The highest likelihood of avalanches is in Abisko/Riksgränsen, close to Sweden's northern border with Norway where a level four (on a scale with a maximum five) alert was issued by the Swedish Environmental Protection Agency on Wednesday morning.
Large so-called wind slab avalanches, caused by drifting snow, are deemed 'very likely' in alpine areas.
Wet slab avalanches, formed when the snow melts, are 'possible' at the treeline and further down.
The agency warned people to steer clear of the mountainous area which is popular among off-piste skiiers on Wednesday.
“We advise against being in avalanche terrain and in all areas beneath steep hillsides. Rain and heavy wet snow often trigger avalanches. We believe that many natural avalances are likely on all steep slopes where the rain falls, initially in the top snow layers,” it wrote on its website.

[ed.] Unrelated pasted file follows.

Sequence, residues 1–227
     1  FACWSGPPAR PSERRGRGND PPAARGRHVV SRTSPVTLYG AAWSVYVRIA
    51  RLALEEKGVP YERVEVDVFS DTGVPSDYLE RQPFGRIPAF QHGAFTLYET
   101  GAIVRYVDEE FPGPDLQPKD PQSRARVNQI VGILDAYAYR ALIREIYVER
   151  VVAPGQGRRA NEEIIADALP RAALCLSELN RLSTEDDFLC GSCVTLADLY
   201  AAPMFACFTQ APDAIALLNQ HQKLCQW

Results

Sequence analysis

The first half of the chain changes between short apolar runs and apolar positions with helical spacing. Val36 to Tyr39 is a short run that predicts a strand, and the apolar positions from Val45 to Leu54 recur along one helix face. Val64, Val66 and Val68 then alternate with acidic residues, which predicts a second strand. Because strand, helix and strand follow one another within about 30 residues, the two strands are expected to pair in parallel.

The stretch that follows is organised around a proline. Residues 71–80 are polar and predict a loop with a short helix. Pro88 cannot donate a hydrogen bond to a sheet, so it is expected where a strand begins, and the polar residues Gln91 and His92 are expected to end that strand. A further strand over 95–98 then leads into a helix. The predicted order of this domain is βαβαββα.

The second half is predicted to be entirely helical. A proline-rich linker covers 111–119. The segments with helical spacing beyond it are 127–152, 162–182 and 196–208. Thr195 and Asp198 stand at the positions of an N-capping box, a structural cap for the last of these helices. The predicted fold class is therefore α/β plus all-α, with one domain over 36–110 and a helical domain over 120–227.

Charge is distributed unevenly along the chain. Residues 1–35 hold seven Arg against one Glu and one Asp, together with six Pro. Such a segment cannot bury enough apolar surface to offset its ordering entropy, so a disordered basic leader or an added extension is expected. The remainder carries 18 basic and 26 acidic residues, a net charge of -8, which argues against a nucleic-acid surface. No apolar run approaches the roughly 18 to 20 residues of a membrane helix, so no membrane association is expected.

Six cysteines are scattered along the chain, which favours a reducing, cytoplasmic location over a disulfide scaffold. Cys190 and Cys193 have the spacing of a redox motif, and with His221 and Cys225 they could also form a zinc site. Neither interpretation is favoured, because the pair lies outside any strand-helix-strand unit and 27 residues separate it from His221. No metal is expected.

Lower alerts were also issued further south in Sweden, in the Hemavan/Tärnaby (level three – considerable risk of avalanches) and Storulvån/Åre/Bydalen (level two – moderate risk of avalanches) areas.
The warning comes as Italian rescue workers continue their work to recover bodies after an avalanche swamped a mountain hotel in the Abruzzo region, killing at least 23 people. Follow our sister site The Local Italy for the latest.
Riksgränsen on Google Maps: